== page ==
Plans to transfer control of the Employment Tribunal system in Scotland to the Scottish parliament and government could lead to a significant increase in employment-related claims, including claims from workers who have no connection with Scotland.

In the meantime, pressure is building for the Employment Tribunal in England and Wales to be moved into the civil court system. Such a change could have a significant impact of the volume of claims and associated costs and expenses.

In this briefing we look at the latest developments and what they mean for employers.

Employment Tribunals in Scotland – fees and forum shopping

The devolution of the Employment Tribunal system in Scotland took a step forward this week, with the publication of draft legislation covering the legal framework that will underpin the move.

The present government in Scotland has made clear its intention to abolish fees for employment claims. That being the case, the change is likely to lead to an increase in claims made North of the border.

Significantly, it is not only those who work or worked in Scotland who will be able to take advantage of the fee-less Scottish tribunal system. The intention is that the Scottish tribunals will be able to deal with any case where the respondent, or the case, has a close enough link to Scotland.  Unsurprisingly, the legislation includes in this category claims against employers who live, or are headquartered, in Scotland. What is more striking is that the Order also, at present, includes cases where the only connection with Scotland is that the employer happens to carry on some business there. So companies that operate on both sides of the border could face claims in Scotland from employees who have, and whose work has, no connection with Scotland.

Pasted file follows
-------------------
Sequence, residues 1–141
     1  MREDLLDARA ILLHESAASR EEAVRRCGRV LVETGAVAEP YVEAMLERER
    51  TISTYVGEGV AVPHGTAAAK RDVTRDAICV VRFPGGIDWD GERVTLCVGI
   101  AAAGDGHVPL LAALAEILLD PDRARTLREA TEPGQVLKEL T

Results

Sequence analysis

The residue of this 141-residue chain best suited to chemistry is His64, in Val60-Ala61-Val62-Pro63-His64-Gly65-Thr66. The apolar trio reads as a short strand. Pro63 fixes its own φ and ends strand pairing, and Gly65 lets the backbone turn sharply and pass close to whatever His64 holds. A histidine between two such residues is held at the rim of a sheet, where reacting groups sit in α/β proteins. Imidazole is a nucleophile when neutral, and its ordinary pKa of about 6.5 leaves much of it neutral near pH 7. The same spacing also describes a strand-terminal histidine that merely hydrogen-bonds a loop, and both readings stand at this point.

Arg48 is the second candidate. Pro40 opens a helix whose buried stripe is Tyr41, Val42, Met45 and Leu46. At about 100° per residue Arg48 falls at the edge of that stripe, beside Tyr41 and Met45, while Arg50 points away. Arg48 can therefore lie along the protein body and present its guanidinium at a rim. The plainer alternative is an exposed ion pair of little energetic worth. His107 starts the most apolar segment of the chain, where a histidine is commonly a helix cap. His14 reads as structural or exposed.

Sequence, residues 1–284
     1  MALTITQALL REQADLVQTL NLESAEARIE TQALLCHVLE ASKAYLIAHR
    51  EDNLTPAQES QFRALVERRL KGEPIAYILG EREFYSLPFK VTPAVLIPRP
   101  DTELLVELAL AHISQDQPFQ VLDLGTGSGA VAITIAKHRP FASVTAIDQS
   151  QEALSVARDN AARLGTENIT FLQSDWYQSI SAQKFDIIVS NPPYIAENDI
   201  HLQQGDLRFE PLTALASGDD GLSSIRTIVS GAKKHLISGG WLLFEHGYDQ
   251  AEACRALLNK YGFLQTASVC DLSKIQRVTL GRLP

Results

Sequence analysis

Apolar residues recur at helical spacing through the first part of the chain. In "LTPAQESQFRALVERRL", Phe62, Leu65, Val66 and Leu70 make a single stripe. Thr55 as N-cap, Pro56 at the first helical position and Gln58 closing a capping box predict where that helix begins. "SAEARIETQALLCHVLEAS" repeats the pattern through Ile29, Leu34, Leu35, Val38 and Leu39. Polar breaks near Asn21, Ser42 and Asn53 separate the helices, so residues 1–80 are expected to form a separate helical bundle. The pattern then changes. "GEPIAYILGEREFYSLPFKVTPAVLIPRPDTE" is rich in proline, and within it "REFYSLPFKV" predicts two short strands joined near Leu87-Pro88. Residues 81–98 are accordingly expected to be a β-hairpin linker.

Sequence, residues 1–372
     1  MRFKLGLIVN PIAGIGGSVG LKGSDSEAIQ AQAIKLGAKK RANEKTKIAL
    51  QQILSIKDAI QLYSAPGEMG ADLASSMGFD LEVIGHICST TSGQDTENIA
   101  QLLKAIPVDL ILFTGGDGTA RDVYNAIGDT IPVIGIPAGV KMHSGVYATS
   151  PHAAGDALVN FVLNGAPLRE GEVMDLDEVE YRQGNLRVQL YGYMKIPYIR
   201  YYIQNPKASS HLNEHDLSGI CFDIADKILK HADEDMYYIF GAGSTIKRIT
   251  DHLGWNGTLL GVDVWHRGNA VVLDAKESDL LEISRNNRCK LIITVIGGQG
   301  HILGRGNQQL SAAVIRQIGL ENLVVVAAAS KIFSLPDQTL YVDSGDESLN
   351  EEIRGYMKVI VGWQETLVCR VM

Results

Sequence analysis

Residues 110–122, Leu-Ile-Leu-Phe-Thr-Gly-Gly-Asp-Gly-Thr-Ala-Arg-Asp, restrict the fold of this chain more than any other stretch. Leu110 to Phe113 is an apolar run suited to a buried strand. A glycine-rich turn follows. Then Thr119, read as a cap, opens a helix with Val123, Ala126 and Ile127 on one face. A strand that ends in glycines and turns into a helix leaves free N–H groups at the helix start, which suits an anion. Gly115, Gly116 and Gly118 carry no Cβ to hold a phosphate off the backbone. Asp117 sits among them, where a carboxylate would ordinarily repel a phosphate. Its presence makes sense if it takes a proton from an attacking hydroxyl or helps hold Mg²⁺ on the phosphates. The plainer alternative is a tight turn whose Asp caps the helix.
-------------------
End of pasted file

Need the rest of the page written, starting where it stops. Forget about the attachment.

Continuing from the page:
BIS has made it clear that these provisions are still under discussion. The Scottish government launched a public consultation on the mater this week and BIS has said it intends to have discussions with key organisations.

Is the end nigh for Employment Tribunals in England and Wales?

As Scottish tribunals prepare to go their separate way, a report published last month suggests that the Employment Tribunal system in England and Wales may have a limited lifespan.

The report was prepared by Lord Justice Briggs, who has been commissioned, by the Lord Chief Justice and the Master of the Rolls, to carry out a review of the civil courts structure, including the boundaries between the courts and tribunals. The report notes that the Employment Tribunal and Employment Appeal Tribunal are ‘uncomfortably stranded between the civil courts and the main Tribunal Structure’, a state of affairs that it is widely acknowledged cannot continue. The key question, then, is whether they should be integrated within the structure of the civil courts or, in the alternative, made properly part of the main, two-tier Tribunal structure. For various reasons, the Presidents of the Employment Tribunal and the Employment Appeal Tribunal and the lead judges in the Employment Tribunal regions are all in favour of the first option (integration within the structure of the civil courts) and Briggs LJ appears to be sympathetic to that view, although his final recommendations are not due until later this year.